Exploration stations so that I am not telling students what to learn.  They are constructing their own learning.

6. The centres were not meaningful because they came off as busywork.
Before, they were busywork because they were an extra.  Now, I am very clear about my intentions at the Exploration Stations and why I do them (I want students to learn and practise a whole bunch of life skills in real life ways).  I tell students that I expect there to be problems because this is the real life part, and real life has real problems.  When problems do occur during the stations, I do not intervene unless it is a safety issue.  I give students a chance to work out their own problems because in real life, I won't be there to step in.  An effective way to deal with problems has been the check in times.  Every ten minutes or so, I call everyone together away from the stations to "check in".  We talk about what they are learning, what is working, and what isn't.  When they have a problem, they can share it (without mentioning any names), and the rest of the class can offer suggestions.  This process has worked very well.
7. Students weren't learning anything.
Before, the students really weren't learning anything or they were learning, but not the things that I intended, so I dismissed it.  Now the students are learning, and learning things that I never intended, but now that is wonderful!  How do I know they are learning?  Because now instead of instructing, micromanaging, and putting out fires, I have time to go around and observe while students explore.  Because now I have time to  have discussions, record, take pictures, and shoot video.  Because of what students say at check in time.  And because of the Thought Logs.  Every student has a log in which they record which station they explored, what they learned, and how they felt about the station.  It is a great record for the kids I might not get to that day.  I use the Thought Logs to frame my introduction to the next Exploration Station session: "I noticed in Jim's log that..." 
Successful Stations
Here are the stations that have worked well:
In brackets is my original, global intent for each station.
  • microscopes.  (observation) I only set up 2 so students have to share.
  • bulbs and batteries.  (logic, science) They love this station.  I got some supplies from the science room and bought some dollar store C cell batteries.  They make circuits and figure out why some work and some don't.
  • table hockey. (motor coordination, spatial ability) Wildly popular (I'm in Canada, remember?)  During the choice times when students can pick their own stations, I'll have 12 people there, taking turns, forming teams (sometimes four to a side), and having fun.  Sure there is some motor coordination involved but also there are a lot of interpersonal skills that go into playing this game.
  • 2 pieces of paper.  (creativity) I have a variety of pieces of paper in a basket.  A lot of them are discards from the paper cutter and photocopier.  Students can do anything they want, but they can only take two pieces of paper. I am amazed at what the students do with a little bit of freedom: stories, cards, origami, gluing, colouring, doll making, paper airplanes, etc.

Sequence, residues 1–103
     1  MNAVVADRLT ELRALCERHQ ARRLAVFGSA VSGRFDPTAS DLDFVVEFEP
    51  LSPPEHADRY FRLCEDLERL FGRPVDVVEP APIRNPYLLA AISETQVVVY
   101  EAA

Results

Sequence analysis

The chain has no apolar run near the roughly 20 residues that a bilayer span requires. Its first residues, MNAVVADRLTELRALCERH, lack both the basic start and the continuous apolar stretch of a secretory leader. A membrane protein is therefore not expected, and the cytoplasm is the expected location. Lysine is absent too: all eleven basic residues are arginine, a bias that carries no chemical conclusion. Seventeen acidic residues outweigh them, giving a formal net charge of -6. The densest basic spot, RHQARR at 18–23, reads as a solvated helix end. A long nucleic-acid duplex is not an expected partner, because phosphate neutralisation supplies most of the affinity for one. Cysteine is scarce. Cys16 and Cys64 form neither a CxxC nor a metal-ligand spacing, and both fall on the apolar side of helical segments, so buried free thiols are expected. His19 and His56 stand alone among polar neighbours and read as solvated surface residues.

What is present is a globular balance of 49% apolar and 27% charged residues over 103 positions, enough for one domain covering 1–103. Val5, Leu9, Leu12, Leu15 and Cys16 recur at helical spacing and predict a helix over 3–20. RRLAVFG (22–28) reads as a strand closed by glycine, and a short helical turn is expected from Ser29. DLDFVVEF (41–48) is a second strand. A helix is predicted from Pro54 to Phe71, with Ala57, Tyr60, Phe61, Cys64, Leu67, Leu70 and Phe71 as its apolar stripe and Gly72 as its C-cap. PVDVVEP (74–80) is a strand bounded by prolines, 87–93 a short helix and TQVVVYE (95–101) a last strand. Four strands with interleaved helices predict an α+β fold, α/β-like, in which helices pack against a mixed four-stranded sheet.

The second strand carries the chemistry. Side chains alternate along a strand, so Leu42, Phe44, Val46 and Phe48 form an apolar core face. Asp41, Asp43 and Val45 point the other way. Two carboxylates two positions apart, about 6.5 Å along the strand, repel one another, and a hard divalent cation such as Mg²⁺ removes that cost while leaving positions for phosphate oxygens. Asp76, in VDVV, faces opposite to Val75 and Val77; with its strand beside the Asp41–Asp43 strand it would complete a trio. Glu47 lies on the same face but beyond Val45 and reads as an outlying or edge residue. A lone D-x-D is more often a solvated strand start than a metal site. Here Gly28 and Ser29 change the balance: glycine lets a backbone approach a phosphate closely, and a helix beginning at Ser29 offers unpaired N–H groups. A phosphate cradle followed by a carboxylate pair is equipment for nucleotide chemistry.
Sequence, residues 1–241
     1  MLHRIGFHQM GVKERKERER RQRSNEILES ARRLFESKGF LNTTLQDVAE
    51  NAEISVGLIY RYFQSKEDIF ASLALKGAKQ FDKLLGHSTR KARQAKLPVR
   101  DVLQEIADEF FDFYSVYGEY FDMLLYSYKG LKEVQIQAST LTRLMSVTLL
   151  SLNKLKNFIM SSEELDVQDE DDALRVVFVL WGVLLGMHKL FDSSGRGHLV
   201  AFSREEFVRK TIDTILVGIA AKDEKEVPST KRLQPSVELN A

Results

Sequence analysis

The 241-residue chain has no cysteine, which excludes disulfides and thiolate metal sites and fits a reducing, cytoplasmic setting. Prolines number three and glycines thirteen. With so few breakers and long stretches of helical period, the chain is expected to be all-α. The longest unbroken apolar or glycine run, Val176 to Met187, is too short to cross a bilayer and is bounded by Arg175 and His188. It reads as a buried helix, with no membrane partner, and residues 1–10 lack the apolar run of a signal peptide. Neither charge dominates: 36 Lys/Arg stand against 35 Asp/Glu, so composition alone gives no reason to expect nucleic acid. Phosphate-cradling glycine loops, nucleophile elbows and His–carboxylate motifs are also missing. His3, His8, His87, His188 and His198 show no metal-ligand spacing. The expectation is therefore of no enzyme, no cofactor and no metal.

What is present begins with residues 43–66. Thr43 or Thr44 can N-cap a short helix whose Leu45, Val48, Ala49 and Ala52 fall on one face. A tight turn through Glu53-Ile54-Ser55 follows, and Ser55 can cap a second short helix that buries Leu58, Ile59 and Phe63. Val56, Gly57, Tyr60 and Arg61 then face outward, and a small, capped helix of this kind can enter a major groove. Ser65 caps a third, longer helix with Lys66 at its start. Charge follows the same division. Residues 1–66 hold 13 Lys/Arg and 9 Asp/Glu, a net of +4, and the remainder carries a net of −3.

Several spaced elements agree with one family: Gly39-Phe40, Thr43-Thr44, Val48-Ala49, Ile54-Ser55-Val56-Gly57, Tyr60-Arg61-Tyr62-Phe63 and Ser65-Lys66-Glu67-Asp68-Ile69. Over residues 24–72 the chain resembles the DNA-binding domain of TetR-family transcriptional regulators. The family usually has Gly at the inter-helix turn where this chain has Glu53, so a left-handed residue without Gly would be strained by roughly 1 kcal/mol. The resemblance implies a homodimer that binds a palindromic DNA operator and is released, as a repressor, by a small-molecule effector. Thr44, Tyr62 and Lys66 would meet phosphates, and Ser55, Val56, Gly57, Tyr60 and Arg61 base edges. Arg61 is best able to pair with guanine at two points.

• duplo (creativity, spatial).  I put out a big tub of duplo.  During the initial rotation, there is enough for everyone, but when there is choice time, students have to really negotiate for their pieces.
  • Pez puppets. (make believe play)  I had a bunch of Pez dispensers. Students make up stories and plays and have the Pez dispensers act them out.  I saw a couple of shy kids really come out of their shells with this station.
  • yo-yos. (motor coordination, life skill)  I bought a few yo-yos at the dollar store because I wanted to show kids they could have fun without a huge amount of money or electronics.  This simple activity accomplishes that.  Because the same boys who would be on the DSs or video games at home seemed to gravitate toward the yo-yos.  Interestingly, for that same group of boys, yo-yos are more popular than the hockey game I think because it is less crowded and has more potential for showing off (by doing tricks) just like video games.
  • chopsticks. (fine motor coordination, life skill)  This is a lot like the yo-yos.  Kids challenge themselves or others by moving things or placing bottle caps in an arrangement.
Less than Successful Stations.
  • playdoh.  Who would have thought that playdoh would not be popular?  The kids found it too messy and were disappointed when they had to crush their creations in order to put them away.
  • the Smartboard.  I had more fights over the Smartboard than any other station: kids took over, kids took too many turns, kids stood in the way of the projector, kids pressed the wrong button which messed the activity up for everyone, etc.  The problem with using the Smartboard in these groups is that really only one person can use it at a time, so for the others it was too much waiting.
  • pattern blocks.  No one chose this during choice time despite being acceptable during the initial rotations.  One student offered the explanation: "It's too much like 'school'."
Your Mileage May Vary.
Like I said, I am an intermediate teacher teaching a primary classroom.  I had to get my head around the fact that play can be learning, but that it takes a teacher to frame it into learning.  And if you have any cheap and easy centre ideas of your own, please send them my way.